Gucci promotes a quality working environment through:

Employment standards: promoting employment standards that respect workers’ rights, trade union agreements and the principles underlying the programme of safeguards for workers in the Gucci system. While guaranteeing the exercise of freedom of association and the right to collective bargaining; Gucci rejects all forms of child labour, forced labour and discrimination, ensuring that all workers have the same opportunities in terms of employment and career development, and receive equal treatment based on merit.


The protection and promotion of health and safety: actively committed to promoting and strictly complying with health and safety standards for the workers and the communities with which it operates, in order to prevent accidents and occupational diseases, and, simultaneously, to help improve people’s physical and mental health.


People’s welfare: promoting initiatives designed to balance the relationship between the need for private and professional life.


The development of professional skills: actively committed to recognising and promoting the development of each worker’s professional skills and competencies, improving behavioural factors and ensuring that the potential and creativity of individuals are fully realised from a professional point of view.


The promotion of diversity: recognising the value of diversity while at the same time fully respecting the cultures, traditions, religions, ethnic groups and communities with which it interacts, and to preserving their biological, gender, environmental, social, cultural and economic identities.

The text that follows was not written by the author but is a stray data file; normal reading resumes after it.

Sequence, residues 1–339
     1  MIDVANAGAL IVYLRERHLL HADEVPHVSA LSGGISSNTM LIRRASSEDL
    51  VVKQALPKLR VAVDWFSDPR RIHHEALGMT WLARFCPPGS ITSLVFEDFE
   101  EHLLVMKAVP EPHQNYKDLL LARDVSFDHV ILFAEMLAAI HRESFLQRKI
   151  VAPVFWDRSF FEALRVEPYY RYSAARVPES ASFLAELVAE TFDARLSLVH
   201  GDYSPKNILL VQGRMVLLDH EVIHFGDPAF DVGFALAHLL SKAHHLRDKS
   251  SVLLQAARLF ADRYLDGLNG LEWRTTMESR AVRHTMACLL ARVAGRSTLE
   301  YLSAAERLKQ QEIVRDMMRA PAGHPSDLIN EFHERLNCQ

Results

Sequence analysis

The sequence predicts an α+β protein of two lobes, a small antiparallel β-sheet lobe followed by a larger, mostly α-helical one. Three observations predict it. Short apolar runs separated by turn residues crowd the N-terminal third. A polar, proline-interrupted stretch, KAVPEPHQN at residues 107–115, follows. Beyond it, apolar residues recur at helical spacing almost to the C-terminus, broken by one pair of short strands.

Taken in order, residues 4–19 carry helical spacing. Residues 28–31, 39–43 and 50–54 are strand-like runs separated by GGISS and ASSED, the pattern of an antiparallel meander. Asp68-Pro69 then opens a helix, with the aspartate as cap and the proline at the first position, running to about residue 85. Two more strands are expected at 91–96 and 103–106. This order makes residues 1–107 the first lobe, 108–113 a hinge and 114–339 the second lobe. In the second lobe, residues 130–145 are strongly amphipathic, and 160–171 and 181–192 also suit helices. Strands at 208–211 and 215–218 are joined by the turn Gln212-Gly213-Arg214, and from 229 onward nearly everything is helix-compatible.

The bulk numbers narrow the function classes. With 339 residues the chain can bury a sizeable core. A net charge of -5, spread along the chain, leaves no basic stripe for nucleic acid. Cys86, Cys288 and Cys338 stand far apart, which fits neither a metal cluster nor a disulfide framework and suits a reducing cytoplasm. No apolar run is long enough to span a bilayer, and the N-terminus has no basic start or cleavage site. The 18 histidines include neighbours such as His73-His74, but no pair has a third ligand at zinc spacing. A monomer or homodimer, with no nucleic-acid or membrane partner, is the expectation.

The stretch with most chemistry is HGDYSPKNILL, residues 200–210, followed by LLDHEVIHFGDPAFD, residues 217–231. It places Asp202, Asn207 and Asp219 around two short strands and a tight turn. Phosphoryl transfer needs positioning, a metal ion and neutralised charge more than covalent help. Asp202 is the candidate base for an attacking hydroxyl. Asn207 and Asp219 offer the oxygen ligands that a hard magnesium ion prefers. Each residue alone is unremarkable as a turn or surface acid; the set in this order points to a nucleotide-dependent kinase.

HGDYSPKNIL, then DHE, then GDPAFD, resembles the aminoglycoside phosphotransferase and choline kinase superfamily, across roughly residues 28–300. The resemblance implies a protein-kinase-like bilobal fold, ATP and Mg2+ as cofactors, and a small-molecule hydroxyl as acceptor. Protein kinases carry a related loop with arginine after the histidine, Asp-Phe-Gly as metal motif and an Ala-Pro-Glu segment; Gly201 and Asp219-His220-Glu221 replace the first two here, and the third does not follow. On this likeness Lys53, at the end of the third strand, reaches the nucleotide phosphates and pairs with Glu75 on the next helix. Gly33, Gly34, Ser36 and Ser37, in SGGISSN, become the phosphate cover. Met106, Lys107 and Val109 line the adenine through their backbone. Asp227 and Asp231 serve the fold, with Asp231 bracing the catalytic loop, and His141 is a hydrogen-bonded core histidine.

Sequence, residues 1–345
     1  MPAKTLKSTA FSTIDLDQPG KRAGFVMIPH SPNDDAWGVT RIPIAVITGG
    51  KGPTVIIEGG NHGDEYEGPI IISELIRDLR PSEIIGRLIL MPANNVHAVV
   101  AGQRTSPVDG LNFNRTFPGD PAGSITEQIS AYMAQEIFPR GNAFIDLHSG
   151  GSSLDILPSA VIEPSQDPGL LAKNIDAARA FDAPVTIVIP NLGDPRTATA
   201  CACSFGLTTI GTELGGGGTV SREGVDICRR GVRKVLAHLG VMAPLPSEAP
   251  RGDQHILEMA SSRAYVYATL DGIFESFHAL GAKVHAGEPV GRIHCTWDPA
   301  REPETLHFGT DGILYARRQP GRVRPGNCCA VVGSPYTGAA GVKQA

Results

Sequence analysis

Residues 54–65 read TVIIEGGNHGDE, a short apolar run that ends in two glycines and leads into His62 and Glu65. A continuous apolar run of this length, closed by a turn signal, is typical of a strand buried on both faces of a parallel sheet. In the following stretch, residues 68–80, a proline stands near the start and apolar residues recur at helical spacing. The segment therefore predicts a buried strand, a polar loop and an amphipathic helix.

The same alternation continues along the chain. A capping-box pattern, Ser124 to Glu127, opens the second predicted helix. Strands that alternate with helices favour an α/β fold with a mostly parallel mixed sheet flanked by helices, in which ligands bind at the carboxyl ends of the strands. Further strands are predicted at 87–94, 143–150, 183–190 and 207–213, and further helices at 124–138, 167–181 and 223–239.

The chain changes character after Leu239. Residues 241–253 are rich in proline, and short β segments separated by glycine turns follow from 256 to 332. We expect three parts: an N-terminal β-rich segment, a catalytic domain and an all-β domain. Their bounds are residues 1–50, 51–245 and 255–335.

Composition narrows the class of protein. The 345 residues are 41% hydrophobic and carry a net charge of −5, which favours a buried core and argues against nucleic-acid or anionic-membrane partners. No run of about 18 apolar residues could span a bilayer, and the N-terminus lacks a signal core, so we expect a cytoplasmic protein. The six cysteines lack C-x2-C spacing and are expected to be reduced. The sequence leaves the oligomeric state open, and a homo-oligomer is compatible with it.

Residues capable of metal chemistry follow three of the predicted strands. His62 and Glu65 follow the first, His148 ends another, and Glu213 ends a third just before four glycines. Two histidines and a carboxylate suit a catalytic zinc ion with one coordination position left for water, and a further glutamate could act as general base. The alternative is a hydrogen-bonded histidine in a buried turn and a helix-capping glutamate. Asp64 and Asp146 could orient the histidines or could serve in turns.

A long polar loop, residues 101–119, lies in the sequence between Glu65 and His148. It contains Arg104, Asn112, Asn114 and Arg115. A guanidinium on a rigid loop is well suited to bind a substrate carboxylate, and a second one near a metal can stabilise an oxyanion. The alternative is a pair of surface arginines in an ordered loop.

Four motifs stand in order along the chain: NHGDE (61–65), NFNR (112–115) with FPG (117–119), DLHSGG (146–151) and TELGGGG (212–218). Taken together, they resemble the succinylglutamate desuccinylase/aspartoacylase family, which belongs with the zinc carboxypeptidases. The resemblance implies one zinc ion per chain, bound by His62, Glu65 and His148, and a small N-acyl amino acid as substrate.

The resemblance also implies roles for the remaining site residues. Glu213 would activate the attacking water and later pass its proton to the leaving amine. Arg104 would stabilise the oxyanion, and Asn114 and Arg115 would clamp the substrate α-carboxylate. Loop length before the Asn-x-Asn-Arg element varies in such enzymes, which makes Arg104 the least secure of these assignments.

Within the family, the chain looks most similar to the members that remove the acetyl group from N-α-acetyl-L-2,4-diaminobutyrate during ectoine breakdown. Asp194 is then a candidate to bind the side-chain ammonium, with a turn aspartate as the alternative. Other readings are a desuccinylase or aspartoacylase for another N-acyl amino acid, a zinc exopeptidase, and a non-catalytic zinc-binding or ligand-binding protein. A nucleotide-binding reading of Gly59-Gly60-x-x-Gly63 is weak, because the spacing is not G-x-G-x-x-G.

Contribution to socio-economic development: promoting, protecting and improving the quality of life and the socio-economic development of local, national and international communities by: supporting the creation of opportunities for the growth and development of craftsmanship skills, and promoting the development of local industries, knowledge transfer and the development of local professionals; implementing philanthropic, non-profit and cooperation initiatives, in line with their values and priorities.


Protection of the environment: the commitment to the reduction of environmental impact and the protection of ecosystems and biodiversity are not only fundamental to the preservation of the planet and its inhabitants, present and future, but are also needed to ensure competitiveness, risk reduction and the further development of the business.